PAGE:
WTO Rules

This is a longish piece with lots of references, ie a supported and informed (I hope) argument.

A journalist who claims to have a cabinet source, and an ex civil servant (or so he says) have both claimed that the UK government has no plans to negotiate with EU and just wants to walk away with no deal (and then blame the EU for intransigence). Certainly the circumstantial evidence seems to support this and is rather worrying.

The conversation goes like this.

Leaver: The EU will not grant us access to the single market without freedom of movement and us paying into the EU.

Remainer: Probably true

Leaver: Therefore we must crash out of the EU without a deal and go to WTO rules….

And it is at this point that I have a problem. There is no mandate for this. Prominent Leaver Nigel Farage was always quoting Norway as an example of a successful country outside the EU….but Norway has freedom of movement, pays into EU budgets in return for that access. Here are prominent Leave backers talking about staying in the single market. So if you voted Leave you could be forgiven that leaving the single market was not on the table.

This is supported by this poll (and others) https://www.adamsmith.org/…/press-release-yougov-brexit-pol….

So yes we voted leave but no, this is not a mandate for a mega hard brexit with likely economic damage. As has been said “no-one voted to make themselves poorer”.

None of which matters of course if WTO rules would lead us to sunlit uplands of an economic boom. Though one pro Leave voter told me that “on day 1 of Brexit cost of living will drop by 8%” (which has the rather charming idea of on the stroke of midnight all supermarket ceo’s waving magic wands and dropping the prices (prico-reducto?), in general I haven’t found much to inspire me with confidence. This paper is basically pro WTO rules http://www.arbuthnotgroup.com/…/docum…/16th_january_2017.pdf but fails to explain how, even if true, damaging one of our major markets (the EU) will be compensated in the short to medium term by an increase in trade elsewhere. It is also the only pro WTO rules research I have found. The rest looks more like this….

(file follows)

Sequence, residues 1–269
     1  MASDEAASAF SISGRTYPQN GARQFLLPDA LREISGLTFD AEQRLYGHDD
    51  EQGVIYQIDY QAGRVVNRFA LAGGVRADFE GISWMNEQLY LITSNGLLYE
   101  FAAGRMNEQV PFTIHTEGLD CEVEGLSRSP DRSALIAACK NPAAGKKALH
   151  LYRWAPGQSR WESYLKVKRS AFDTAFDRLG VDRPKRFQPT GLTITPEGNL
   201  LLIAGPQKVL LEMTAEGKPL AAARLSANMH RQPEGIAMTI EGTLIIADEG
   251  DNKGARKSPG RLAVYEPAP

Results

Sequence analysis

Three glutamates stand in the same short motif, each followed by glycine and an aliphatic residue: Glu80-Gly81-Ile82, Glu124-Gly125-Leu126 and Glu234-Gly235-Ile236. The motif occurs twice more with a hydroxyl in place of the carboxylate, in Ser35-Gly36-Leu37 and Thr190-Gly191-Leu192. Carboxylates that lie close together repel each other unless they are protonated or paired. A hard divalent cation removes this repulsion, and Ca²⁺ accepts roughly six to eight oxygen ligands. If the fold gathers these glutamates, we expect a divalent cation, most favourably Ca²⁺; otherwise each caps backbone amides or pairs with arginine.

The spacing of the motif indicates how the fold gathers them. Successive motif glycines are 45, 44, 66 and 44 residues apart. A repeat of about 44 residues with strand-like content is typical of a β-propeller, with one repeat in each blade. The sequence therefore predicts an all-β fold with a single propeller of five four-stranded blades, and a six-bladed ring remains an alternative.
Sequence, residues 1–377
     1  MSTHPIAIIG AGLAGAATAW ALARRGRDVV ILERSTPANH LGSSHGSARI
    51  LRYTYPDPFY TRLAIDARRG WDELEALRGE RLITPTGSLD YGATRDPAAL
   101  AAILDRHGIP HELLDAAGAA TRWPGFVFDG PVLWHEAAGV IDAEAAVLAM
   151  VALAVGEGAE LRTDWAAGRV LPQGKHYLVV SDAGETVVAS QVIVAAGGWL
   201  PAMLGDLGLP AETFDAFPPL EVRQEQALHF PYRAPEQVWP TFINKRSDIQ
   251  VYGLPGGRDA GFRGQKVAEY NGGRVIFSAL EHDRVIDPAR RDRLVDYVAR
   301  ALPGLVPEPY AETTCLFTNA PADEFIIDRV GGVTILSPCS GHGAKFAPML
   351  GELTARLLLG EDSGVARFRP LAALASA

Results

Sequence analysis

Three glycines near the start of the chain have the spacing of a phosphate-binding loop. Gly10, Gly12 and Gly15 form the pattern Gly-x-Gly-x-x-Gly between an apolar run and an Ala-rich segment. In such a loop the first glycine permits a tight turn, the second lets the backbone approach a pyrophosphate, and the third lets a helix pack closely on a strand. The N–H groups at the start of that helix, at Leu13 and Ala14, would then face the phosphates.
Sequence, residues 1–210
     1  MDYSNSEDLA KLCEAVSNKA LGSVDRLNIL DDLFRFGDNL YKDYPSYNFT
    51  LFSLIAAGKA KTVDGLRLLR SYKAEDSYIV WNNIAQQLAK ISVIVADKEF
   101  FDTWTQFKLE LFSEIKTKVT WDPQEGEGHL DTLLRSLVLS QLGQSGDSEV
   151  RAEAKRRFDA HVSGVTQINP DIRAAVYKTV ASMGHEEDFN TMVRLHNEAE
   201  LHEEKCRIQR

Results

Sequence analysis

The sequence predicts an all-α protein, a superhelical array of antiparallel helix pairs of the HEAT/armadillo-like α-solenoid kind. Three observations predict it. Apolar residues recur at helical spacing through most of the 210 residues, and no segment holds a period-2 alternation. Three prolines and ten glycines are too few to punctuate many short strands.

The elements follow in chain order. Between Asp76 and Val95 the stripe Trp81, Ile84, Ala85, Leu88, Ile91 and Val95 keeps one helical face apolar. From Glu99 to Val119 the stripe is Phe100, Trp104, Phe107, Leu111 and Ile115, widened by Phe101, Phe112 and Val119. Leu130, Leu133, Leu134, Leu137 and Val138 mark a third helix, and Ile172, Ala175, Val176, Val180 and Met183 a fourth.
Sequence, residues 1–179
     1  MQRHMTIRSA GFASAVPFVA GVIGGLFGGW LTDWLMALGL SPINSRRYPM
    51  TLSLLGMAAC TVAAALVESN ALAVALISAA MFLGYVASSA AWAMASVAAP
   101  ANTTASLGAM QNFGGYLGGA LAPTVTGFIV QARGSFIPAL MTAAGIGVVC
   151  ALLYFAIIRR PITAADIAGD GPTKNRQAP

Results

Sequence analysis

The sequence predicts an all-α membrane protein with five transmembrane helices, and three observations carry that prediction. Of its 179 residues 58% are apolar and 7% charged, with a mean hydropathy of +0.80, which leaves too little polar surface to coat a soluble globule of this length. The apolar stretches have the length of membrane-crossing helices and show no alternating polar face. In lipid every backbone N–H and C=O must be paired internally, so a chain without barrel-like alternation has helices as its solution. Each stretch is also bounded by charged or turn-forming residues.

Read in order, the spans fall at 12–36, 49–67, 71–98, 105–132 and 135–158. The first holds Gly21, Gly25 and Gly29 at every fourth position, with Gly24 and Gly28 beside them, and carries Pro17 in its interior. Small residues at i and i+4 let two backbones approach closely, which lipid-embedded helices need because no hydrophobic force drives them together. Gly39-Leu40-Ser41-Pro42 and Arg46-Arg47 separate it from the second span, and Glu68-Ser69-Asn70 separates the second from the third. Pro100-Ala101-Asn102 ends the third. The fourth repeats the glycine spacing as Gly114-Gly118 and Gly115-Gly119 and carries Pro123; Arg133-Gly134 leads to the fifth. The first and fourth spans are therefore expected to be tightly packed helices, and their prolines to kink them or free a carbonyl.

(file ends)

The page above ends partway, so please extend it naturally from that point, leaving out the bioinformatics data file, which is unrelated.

…that soft Brexit will be costly and WTO will be very costly http://ukandeu.ac.uk/…/06/Comparing-Brexit-forecasts-table.… and here is a line by line look at the tariffs.
http://www.independent.co.uk/…/brexit-latest-cost-uk-leavin…

WTO rules are also, by their very nature multilateral agreements (ie they take a long time to negotiate), are also overseen by a foreign court (so we trade the European Court of Justice, for WTO court, hardly a win for “UK Sovereignty”). Personally I am also terrified that we will open up all our manufacturing to being undercut by cheap Chinese labour. Consider that steel dumping nearly crippled UK steel until tariffs (agreed and enforced by the EU, that has the bodies, expertise and funds to fight its/our corner) were put in place.

And though pitched as an easy catch all answer WTO rules really isn’t.http://www.politics.co.uk/…/very-quietly-liam-fox-admits-th….

https://www.ft.com/con…/5741129a-4510-11e6-b22f-79eb4891c97d.

The pro-leave press has done a phenomenal job (a Reuters study of 2,378 articles in the four months leading up to the referendum found 41% were pro-Leave, while 27% were pro-Remain), shifting the ground to make it that leaving without a deal is mandated, necessary and safe – but it really is none of these things.